In the case of Friedrichs v. California Teachers Assn., 578 U. S. ____ (2016) an equally divided United States Supreme Court affirmed the judgment of a federal appeals court upholding agency fees for nonunion members.
At issue in Friedrichs was the continued validity of “agent shop” agreements, which empower public employers to require that employees either join the union or pay equivalent dues to that union as a condition of employment. Although nonmembers are required to pay dues that support union activities relevant to collective bargaining, precedent has established that the First Amendment forbids unions from compelling nonmembers to support union activities that are unrelated to collective bargaining. These fees are known as “nonchargeable” expenses and nonmembers are required to affirmatively opt out of such payments on a yearly basis. The petition challenged both the agency fee and opt-out regime as unconstitutional under the First Amendment. Hundreds of millions of dollars for public unions were potentially impacted by this case.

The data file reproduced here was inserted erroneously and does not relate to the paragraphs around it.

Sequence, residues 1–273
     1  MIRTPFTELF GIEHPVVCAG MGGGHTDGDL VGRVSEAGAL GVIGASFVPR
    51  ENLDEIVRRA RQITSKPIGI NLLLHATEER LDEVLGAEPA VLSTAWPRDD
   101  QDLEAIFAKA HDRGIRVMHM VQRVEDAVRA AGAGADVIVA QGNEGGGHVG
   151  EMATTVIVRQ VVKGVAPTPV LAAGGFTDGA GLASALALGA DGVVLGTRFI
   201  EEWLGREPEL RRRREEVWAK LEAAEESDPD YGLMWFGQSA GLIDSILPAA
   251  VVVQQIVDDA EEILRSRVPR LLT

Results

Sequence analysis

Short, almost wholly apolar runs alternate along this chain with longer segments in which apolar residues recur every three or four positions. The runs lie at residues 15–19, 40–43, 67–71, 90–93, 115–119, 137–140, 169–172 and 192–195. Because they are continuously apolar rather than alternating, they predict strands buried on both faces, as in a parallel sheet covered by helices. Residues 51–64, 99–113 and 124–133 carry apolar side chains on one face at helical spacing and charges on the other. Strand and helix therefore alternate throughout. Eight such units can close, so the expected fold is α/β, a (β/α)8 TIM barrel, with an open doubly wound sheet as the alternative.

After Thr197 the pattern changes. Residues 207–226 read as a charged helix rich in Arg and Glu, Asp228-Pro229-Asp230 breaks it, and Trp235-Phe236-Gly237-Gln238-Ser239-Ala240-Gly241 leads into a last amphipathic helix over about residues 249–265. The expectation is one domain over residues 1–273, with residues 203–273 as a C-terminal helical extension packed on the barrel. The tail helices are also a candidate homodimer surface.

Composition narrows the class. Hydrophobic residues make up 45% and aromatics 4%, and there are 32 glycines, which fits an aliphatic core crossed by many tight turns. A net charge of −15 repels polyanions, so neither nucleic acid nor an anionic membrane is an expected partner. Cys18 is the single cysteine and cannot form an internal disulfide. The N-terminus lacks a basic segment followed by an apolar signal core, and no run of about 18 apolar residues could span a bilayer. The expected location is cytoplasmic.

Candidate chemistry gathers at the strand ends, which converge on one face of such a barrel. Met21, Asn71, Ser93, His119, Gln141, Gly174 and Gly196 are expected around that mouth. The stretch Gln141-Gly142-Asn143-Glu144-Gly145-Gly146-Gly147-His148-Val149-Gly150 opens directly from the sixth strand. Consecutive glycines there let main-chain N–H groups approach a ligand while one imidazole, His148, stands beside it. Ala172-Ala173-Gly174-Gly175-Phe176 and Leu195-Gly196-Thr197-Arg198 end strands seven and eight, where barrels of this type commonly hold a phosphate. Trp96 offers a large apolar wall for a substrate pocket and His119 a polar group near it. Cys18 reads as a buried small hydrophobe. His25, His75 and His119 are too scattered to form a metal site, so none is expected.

The split among the United States Supreme Court means that the agency fees and opt-out regime remain intact although on unstable footing. The petitioners indicated that they intend to seek a rehearing in the following term. Moreover, the lack of a definitive ruling encourages future challenges to the agency fees.
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Authors: Matthew John Markling and Patrick Vrobel